On 11 May the Government also published a series of guides on “working safely”, which can be found here: https://www.gov.uk/guidance/working-safely-during-coronavirus-covid-19.
  • Managing agents’ advice – managing agents are likely to be able to provide you with bespoke advice on key matters to comply with government guidance, such as social distancing measures, notices, security, cleaning practices, using lifts and toilets, emergency evacuation procedures etc. There may well be no absolute “right” answers as to the approach to take, but it is important to be able to demonstrate that the decisions that you make are based on a considered and reasoned analysis of the property specific facts and circumstances.

    Trade organisations are also publishing helpful advice and guidance.
  • Risk profile – have there been any been reported cases of COVID-19 in any part of the premises themselves, and, if so, has there been a deep clean?  How many cases have there been in the wider locality?  What are the premises used for – is it a particularly risky use with a lot of people congregating?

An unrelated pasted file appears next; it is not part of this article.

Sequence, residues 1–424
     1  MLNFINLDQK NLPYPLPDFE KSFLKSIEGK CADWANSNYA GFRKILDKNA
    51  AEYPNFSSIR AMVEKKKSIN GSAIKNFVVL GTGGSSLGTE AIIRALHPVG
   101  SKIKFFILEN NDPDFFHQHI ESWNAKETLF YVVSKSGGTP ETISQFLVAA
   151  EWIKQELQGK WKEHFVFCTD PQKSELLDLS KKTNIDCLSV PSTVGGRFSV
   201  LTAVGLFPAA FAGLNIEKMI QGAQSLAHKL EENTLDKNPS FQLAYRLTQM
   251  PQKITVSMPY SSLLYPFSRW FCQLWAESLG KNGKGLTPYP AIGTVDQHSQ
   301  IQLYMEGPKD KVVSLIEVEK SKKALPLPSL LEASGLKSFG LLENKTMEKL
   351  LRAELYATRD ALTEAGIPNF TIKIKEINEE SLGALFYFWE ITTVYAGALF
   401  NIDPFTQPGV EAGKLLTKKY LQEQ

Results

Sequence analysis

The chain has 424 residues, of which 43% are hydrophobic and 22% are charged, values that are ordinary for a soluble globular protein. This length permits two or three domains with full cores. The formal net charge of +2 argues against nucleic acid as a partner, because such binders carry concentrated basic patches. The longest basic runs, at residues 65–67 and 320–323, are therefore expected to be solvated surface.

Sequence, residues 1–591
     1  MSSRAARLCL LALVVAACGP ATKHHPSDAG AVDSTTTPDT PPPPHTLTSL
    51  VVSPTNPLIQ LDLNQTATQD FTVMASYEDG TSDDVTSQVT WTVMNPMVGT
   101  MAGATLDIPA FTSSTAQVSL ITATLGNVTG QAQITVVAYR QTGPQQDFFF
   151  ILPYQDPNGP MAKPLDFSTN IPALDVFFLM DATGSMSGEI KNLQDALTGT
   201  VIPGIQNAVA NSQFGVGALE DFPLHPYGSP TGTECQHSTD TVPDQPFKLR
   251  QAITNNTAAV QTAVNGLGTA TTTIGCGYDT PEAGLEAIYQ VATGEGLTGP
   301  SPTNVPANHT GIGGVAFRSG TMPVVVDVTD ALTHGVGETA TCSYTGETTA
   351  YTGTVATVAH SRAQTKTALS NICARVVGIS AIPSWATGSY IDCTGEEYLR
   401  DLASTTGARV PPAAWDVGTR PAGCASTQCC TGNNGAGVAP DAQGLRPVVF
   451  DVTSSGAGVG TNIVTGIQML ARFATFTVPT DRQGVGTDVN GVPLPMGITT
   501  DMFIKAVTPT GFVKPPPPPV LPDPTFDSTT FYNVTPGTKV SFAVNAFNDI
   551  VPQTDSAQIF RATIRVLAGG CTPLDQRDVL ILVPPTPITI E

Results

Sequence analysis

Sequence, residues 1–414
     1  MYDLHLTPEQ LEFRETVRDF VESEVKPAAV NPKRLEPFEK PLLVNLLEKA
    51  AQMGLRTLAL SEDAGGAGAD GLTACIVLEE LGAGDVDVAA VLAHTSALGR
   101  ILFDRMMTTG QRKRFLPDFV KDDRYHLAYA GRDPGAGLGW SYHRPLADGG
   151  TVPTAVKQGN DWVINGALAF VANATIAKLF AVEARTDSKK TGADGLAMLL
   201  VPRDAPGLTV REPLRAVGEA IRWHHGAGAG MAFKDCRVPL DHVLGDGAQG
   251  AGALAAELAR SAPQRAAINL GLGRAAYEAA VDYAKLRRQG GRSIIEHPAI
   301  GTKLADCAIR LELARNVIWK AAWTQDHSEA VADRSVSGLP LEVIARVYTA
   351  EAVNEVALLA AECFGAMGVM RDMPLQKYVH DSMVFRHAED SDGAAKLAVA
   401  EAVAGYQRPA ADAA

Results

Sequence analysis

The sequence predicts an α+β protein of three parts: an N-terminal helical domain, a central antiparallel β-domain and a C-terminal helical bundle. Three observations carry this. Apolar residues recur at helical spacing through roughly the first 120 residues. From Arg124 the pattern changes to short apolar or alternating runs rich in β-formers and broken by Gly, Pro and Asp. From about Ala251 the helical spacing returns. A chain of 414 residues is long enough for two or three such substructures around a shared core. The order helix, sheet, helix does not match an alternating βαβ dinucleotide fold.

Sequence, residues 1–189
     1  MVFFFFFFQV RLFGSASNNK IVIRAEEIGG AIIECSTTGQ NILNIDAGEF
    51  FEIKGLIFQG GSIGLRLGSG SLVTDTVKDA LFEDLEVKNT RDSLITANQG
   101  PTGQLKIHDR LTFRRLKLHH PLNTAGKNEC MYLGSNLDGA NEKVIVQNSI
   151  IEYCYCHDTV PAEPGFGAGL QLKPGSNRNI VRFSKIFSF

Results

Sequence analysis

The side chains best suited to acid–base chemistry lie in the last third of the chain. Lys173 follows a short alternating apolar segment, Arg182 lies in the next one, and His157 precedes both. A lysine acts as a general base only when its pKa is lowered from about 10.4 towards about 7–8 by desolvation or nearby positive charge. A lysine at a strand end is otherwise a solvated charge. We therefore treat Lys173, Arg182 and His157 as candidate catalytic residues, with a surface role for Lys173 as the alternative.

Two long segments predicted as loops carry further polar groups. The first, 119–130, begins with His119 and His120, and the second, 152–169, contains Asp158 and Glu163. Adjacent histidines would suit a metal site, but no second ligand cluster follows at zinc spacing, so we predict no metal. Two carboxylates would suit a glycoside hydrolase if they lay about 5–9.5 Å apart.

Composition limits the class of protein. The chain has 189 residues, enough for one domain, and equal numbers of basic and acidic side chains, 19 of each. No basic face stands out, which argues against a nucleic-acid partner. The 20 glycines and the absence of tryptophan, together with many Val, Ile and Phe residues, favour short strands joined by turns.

• Duties to employees - landlords will owe duties to their own employees under health and safety at work regulations and should take appropriate precautions to keep employees safe (e.g. increased cleaning, especially of commonly touched surfaces such as door handles; making sure all employees are encouraged to wash their hands frequently; observing as a minimum the government guidance on isolating at home staff who are ill or at risk; and considering how to protect any particularly vulnerable staff with health conditions).  If landlords have employed managing agents then it is likely to be the agents rather than the landlord itself that will need to wrestle with this issue.
  • Duties to third parties using the premises (e.g. office workers, shoppers) - it is unlikely that third parties would succeed in establishing claims against landlords for contracting coronavirus as it will be difficult for any person to show where they caught the disease, but this is a further factor to include in the mix of decision making.  That said, if third parties can see that landlords are not following government guidance they are likely to bring that to the attention of the authorities, which could involve both legal and reputational risk.
  • Terms of the leases – do these permit restrictions or closure on estate management or health and safety grounds?  Would the landlord be at risk of claims from tenants if it does not reopen the premises, or if there a severe limitations on use?
  • Tenants’ viewpoint – practically speaking would the tenants be supportive of reopening?  Will they be able to comply with the relevant government guidance themselves?  How much of an impact will the landlord’s proposed restrictions to comply government advice have on their business?  Are the landlord’s proposals objectively reasonable?